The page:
Investors debate signs of market bubble
Despite the global pandemic, stock market bulls have charged ahead, driving the S&P 500® to 33 record closes when 2020 was said and done.1 But are some investors now wondering if the record-breaking market rebound was too much, too fast?
The latest E*TRADE StreetWise survey, a quarterly tracking study of experienced investors, revealed most investors (66%) believe the market is in bubble territory, and another 25% think it’s approaching one.2
If we are in a bubble, is it about to burst? Or is this just another example of the stock market “climbing a wall of worry”? Let’s look at both sides of the debate.
Fueling the bubble outlook
The apparent uncertainty revealed in the survey is highlighted by the fact that not only do two out of three investors say we’re fully or somewhat in a market bubble, three in five expect volatility to pick up this quarter. A few factors may be fueling the unease.
First, stocks are relatively expensive. Optimism for the future has driven the major US benchmarks to record highs, despite the ongoing pandemic and the prospect of a long road to full economic recovery. Valuation metrics such as the forward price-earnings (P/E) ratio of the S&P 500 are well above both the five- and 10-year averages.3
Second, longer-term interest rates have risen. The yield on the bellwether 10-year Treasury note has moved markedly higher over the past few weeks. While a steady rise in rates is typically seen as a positive sign for economic prospects, it can create headwinds for stocks—especially if it occurs quickly—since higher rates can increase borrowing costs, cutting into corporate earnings.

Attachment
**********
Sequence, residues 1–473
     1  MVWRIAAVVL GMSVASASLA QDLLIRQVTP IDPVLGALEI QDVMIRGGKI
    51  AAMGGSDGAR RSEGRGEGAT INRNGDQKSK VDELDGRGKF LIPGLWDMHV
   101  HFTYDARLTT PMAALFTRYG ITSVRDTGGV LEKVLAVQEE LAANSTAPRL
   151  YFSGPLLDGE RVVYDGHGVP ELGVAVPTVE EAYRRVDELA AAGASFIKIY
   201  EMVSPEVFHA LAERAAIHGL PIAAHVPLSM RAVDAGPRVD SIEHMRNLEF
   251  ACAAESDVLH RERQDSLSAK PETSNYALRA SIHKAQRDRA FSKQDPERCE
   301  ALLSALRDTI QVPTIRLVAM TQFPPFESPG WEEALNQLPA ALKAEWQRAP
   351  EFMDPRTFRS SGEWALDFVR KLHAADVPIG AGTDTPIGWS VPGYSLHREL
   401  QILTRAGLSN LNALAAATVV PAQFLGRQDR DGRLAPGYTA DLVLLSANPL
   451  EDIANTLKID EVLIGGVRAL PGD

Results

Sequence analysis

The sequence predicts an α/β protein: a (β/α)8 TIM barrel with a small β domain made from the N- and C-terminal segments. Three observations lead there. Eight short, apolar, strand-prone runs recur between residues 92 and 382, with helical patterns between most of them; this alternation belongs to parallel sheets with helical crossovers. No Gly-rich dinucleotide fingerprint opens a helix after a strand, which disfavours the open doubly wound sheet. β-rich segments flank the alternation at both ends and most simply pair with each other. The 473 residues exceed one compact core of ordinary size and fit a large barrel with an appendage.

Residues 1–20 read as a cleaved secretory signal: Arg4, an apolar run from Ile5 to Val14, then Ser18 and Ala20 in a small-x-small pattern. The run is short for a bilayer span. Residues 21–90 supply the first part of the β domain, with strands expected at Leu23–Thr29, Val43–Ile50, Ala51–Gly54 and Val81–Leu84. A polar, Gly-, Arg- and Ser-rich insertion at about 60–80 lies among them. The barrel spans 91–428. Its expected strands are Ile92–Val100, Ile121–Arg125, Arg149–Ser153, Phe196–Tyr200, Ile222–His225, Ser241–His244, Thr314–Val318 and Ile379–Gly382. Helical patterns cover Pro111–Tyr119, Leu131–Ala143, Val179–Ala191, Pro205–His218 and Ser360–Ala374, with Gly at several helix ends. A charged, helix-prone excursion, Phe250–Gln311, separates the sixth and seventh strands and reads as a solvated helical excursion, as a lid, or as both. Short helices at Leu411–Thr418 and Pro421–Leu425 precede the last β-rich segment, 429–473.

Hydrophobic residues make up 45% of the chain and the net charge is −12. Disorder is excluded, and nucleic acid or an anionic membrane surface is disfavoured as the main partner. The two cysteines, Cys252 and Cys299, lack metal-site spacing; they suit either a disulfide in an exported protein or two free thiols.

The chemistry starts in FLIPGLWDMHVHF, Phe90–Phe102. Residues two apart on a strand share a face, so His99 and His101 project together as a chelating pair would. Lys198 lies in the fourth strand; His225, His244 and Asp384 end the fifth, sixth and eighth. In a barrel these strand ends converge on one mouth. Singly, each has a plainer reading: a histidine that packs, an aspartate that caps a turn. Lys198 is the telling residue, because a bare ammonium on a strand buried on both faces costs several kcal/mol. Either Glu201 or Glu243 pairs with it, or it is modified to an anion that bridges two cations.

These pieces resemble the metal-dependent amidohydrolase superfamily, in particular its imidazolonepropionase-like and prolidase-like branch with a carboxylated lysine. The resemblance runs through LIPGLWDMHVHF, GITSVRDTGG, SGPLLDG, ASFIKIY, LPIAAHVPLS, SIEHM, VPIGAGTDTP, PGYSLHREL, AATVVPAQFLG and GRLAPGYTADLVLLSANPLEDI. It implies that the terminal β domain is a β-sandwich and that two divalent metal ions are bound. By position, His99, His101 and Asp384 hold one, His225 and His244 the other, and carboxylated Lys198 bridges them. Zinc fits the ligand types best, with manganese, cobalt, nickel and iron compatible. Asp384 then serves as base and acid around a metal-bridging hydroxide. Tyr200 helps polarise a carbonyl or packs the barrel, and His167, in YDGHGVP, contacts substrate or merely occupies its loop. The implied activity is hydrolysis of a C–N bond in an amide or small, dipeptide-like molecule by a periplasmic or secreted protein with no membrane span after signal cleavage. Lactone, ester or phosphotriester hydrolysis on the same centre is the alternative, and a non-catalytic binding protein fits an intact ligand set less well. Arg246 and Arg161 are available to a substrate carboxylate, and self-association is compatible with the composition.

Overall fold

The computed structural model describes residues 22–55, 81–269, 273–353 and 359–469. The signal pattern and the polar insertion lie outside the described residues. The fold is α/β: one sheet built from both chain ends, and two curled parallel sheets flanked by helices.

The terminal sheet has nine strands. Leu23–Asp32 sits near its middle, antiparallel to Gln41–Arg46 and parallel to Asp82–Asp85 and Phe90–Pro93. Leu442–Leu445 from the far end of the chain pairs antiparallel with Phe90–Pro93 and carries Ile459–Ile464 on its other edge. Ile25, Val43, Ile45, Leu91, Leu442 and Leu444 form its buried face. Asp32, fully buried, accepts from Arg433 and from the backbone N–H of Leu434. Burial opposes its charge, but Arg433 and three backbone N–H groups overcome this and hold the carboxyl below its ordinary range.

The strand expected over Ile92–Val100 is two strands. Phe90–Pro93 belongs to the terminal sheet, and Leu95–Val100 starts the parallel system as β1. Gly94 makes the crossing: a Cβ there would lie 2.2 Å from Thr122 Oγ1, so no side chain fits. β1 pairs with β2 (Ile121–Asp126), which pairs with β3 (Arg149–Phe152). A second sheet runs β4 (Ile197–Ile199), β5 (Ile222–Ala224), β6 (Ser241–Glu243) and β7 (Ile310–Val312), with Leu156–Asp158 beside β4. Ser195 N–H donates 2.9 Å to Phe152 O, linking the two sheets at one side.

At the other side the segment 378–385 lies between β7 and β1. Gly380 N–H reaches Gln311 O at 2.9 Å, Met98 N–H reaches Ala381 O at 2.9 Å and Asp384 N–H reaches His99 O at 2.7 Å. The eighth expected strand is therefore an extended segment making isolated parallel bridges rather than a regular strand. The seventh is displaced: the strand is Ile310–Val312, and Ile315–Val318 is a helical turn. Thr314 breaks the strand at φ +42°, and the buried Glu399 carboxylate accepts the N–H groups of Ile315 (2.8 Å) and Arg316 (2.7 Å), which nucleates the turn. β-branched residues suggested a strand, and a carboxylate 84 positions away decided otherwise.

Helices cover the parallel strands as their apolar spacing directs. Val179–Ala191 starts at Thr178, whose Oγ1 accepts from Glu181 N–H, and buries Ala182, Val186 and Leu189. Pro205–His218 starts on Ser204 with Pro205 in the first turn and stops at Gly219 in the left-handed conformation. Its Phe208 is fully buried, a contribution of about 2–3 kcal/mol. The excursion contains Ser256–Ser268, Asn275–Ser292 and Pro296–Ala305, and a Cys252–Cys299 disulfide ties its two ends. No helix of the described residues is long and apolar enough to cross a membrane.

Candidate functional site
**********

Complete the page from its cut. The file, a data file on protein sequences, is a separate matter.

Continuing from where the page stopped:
Also, there’s the possibility that the market has already priced in the majority of the good news. While investors may see unprecedented fiscal stimulus, the Fed’s easy monetary policy, the vaccine rollout, and relatively healthy earnings as positives, it begs the question of where the market will find its next catalyst.
The other side of the debate
At the same time, bullish sentiment among investors hasn’t necessarily waned. More than half of surveyed investors (57%) were bullish—up five percentage points since Q4 2020.
Consider the other side of the bubble debate. Some analysts point out the rally has broadened to include some areas of the market that were hit hardest during the virus-induced downturn last February–March, producing new market leadership toward the end of last year. Gains aren’t solely concentrated in a few pandemic-era winners: Cyclical sectors tied to economic growth, like energy, financials, and materials, have outperformed the broad market over the past several months.
In terms of the effect of rising interest rates on the stock market, the reason for the increase matters. If they’re rising because investors are feeling more confident about the economy, the effect is generally muted. Rates are, from a historical perspective, still very low, and some analysts expect longer-term rates will move higher as the recovery finds its footing.